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The Secret Power of Middle Children: How Middleborns Can Harness Their Unexpected and RemarkableAbilities Hardcover – August 4, 2011

4.1 out of 5 stars 39 customer reviews

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Editorial Reviews


“Powerful advice … anchored in hard science and illuminated by vivid case examples.” — David M. Buss, author of Evolutionary Psychology

“Entertaining and provocative.” — Frank J. Sulloway, author of Born to Rebel

About the Author

Catherine Salmon, Ph.D., is an associate professor of psychology at the University of Redlands. She lives in Beaumont, California.

Katrin Schumann is a journalist, freelance editor, and mother of three. She lives in Dedham, Massachusetts.

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Product Details

  • Hardcover: 304 pages
  • Publisher: Hudson Street Press (August 4, 2011)
  • Language: English
  • ISBN-10: 1594630801
  • ISBN-13: 978-1594630804
  • Product Dimensions: 9.3 x 6.3 x 1.2 inches
  • Shipping Weight: 1.4 pounds
  • Average Customer Review: 4.1 out of 5 stars  See all reviews (39 customer reviews)
  • Amazon Best Sellers Rank: #121,006 in Books (See Top 100 in Books)

Customer Reviews

Top Customer Reviews

Format: Hardcover Verified Purchase
As a middle in a large family and having middles of my own, this book explained much. To my surprise, it also illuminated my relationship with my firstborn wife. I had not read any books on birth order before this one, but had heard the various theories over the years. What this book did for me was make me glad I'm a middleborn. I'll take the package of strengths and weaknesses of the middleborn over the first-, last- or only-born any day. I'm equally glad I have some middles of my own for the same reasons. I also don't blame my parents for any of the "negative" consequences of being a middleborn. In the end, my birth order (among other things) created a set of circumstances that helped form who I am...and I like who I am. My birth order doesn't define me, but it helps explain me. I think the explanatory power of birth order would vary greatly among individuals.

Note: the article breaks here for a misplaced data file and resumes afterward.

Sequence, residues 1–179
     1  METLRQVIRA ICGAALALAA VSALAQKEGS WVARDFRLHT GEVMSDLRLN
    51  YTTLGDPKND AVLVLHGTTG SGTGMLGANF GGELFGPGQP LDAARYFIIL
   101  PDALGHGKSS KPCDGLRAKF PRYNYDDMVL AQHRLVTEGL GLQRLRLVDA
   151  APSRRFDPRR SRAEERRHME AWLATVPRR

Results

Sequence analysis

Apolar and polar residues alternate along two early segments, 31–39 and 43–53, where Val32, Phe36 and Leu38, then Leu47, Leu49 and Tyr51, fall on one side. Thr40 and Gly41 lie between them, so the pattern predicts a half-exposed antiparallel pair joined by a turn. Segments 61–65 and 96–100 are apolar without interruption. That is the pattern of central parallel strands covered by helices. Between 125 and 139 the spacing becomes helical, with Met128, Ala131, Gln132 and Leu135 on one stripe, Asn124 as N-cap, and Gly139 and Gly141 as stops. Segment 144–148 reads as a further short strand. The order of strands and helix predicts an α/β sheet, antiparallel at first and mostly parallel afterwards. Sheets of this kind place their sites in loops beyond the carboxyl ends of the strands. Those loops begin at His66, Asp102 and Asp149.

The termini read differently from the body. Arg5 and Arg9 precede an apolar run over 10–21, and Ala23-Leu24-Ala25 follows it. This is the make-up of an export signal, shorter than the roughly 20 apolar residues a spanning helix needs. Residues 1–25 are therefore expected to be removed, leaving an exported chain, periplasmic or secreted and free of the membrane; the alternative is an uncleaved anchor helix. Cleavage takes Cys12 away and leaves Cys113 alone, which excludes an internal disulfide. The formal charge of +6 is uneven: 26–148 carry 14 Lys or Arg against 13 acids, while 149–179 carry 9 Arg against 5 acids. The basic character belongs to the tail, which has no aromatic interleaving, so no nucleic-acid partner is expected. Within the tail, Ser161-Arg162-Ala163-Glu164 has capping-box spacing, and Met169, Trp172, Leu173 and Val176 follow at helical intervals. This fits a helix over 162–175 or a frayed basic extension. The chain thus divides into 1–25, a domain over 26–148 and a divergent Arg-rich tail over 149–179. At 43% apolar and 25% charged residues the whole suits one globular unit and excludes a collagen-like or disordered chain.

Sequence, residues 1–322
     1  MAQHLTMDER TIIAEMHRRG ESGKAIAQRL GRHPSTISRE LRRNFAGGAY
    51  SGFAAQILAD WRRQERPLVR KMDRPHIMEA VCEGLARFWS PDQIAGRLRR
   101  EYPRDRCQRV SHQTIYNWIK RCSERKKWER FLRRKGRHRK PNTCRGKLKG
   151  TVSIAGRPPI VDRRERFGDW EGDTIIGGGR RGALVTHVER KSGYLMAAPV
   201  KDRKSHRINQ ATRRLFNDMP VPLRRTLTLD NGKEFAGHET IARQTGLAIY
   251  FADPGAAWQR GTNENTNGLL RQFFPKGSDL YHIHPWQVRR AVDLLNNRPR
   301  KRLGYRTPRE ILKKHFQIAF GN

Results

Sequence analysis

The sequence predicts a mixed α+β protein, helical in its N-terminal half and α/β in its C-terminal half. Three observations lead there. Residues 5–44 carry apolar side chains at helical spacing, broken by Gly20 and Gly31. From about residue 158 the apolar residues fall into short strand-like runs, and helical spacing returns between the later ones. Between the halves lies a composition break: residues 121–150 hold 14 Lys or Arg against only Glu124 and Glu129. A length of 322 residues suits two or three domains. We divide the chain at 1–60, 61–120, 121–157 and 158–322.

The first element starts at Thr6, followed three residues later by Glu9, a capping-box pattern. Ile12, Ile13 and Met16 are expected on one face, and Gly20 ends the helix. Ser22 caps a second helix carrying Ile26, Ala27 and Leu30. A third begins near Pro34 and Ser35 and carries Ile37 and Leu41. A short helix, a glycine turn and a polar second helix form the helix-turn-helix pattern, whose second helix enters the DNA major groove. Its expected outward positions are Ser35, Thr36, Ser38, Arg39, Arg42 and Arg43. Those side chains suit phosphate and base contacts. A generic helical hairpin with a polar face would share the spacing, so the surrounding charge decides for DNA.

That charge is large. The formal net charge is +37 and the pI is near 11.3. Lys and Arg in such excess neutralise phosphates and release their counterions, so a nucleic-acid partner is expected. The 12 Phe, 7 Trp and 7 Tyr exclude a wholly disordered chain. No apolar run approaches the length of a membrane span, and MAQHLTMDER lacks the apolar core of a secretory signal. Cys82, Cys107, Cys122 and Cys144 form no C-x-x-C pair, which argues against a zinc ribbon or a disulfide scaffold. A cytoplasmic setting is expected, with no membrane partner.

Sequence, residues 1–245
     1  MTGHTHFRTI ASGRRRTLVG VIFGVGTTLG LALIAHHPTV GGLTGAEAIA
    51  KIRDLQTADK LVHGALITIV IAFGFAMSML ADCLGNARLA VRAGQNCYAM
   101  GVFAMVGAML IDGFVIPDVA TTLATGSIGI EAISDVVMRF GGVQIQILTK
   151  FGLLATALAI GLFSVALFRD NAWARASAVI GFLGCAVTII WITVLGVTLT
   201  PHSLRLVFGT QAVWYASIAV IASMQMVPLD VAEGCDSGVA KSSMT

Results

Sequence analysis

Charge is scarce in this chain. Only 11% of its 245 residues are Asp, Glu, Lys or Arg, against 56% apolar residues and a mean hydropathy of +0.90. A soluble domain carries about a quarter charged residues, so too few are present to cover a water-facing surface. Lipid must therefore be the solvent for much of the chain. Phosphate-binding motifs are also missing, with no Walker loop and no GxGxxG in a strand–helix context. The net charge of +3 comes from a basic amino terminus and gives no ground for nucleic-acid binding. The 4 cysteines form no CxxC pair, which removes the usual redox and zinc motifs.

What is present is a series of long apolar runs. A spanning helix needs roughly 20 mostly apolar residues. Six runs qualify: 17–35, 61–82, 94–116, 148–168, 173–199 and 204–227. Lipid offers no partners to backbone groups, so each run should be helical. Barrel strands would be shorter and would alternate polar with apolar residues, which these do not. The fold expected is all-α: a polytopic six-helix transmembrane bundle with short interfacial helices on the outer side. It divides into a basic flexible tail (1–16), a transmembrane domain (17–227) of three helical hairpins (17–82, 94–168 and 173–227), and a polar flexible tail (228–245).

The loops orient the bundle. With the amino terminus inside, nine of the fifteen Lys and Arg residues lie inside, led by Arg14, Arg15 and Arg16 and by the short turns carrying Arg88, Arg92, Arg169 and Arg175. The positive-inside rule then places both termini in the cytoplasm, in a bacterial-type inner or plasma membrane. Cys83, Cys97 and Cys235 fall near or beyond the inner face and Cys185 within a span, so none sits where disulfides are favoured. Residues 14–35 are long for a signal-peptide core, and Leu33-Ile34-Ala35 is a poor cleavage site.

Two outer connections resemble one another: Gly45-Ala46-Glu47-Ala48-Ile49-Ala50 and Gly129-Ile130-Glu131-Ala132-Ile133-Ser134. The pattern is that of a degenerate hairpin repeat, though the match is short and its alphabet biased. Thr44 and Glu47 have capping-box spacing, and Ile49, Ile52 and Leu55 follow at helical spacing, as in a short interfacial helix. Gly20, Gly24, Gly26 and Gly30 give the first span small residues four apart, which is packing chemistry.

My one criticism of any birth order work is that it's too easy to find famous people whose lives fit a particular mold. It reminds me of horoscopes somewhat. We can all pick a particular sign, then go find a famous person who exemplifies most of the traits of that sign. Doing so doesn't prove anything even though many uncritical minds think it does. While I enjoyed reading about how famous middles exemplified a particular middleborn trait, I couldn't help but think that this is a classic case of a "model searching for data" rather than "data searching for a model." The former is a cardinal sin in the scientific world, but it happens all the time, especially in the softer sciences like psychology. Could an equally powerful set of examples be selected that would argue against the author's hypotheses? Still Salmon seems to be aware of the bias inherent in this type of research and is careful not to overstate what the data tells us.
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Format: Paperback Verified Purchase
I bought the paperback version with ISBN 987-0-452-29793-7. So the cited quotes will match the paper number of that version.